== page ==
Latest Comments by ProfRN4

Latest Comments by ProfRN4

ProfRN4 12,993 Views

Joined Apr 5, '03. ProfRN4 is a nursing professor. She has '19' year(s) of experience. Posts: 2,235 (22% Liked) Likes: 1,307

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  • 4

    Quote from BadStudent01
    I am a third-semester nursing student who has been using test banks since my first semester in the program. You could say that I discovered the existence of test banks by accident, but ever since I began using them, I have scored nearly 100 on every test I have taken. But here is the catch -- my teachers don't use questions from just one test bank.
    While it seems you have put a lot of effort into studying, and exposing yourself to as many different questions as you can, you're still cheating, in a sense. You don't know which of the bank questions will appear, but the fact that you are accessing a bank that is not meant for public (student) viewing, this is where the problem lies.

  • 2
    milesims and elkpark like this.

    Quote from milesims
    Perhaps universities and instructors should find alternatives to test banks. I don't know what it could possibly be, but the only solution I can think of is writing your own exam questions. It's a difficult situation. What are your thoughts?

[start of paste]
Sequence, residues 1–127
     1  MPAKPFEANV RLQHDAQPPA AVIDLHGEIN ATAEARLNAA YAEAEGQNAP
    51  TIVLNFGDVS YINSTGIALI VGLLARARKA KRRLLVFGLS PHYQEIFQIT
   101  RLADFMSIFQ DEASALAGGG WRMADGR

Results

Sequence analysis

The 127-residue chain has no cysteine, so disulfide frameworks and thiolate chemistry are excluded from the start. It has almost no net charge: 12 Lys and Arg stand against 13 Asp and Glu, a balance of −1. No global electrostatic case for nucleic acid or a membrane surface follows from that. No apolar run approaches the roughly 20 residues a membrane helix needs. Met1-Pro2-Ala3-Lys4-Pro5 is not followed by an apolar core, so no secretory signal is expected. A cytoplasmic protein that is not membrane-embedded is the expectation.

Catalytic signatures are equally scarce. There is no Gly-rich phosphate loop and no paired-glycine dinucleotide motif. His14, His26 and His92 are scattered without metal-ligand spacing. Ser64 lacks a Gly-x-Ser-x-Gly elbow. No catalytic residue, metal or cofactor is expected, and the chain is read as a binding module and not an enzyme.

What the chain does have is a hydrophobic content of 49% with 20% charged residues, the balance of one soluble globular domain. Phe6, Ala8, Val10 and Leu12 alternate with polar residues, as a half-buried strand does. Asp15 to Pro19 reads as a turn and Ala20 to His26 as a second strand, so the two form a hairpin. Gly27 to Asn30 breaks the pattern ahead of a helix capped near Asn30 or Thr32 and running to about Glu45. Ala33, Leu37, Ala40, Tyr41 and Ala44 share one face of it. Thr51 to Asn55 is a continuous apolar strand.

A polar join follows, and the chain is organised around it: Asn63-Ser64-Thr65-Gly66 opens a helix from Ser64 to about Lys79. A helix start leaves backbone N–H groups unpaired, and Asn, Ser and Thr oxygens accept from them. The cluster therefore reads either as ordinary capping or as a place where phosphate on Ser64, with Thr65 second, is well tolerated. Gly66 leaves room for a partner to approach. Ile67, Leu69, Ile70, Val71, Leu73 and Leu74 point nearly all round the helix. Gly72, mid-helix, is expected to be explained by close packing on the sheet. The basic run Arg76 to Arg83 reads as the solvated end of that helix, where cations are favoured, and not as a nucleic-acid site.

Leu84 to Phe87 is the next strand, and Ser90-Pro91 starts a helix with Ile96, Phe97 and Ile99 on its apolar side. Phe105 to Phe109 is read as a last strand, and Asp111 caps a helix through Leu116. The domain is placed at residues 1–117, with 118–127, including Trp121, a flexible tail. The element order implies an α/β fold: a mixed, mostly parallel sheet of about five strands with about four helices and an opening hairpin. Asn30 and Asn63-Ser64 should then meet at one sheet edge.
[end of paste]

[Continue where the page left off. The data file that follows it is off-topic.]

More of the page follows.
This is what we do (sort of). We adapt questions we find in banks and public sites. We create brand new questions from scratch as well. The result is often confusion and anger from the students. The students feel that our questions are way too complicated and 'tricky'. It is too much work from all ends.

  • 4

    Quote from Spidey's mom
    Now obviously I graduated 19 years ago, but I wonder too about where some of y'all are going to nursing school? Because there is NO way any of the things mentioned would have been tolerated.

    It sounds like the teachers are just not as firm about the rules like they used to be . . . maybe a sign of the times??

    Having kids was no excuse for not meeting your obligations as a nursing student. And you do have obligations.
    The problem is, it needs to come from ALL faculty, and the higher ups. I teach in the second level class, and I find it hard to believe that all of a sudden, students think they have a golden ticket to do whatever they want once they make it out of Fundamentals. So I asked around, and learned that many in the course me did not reinforce such things, and did not role model these behaviors themselves.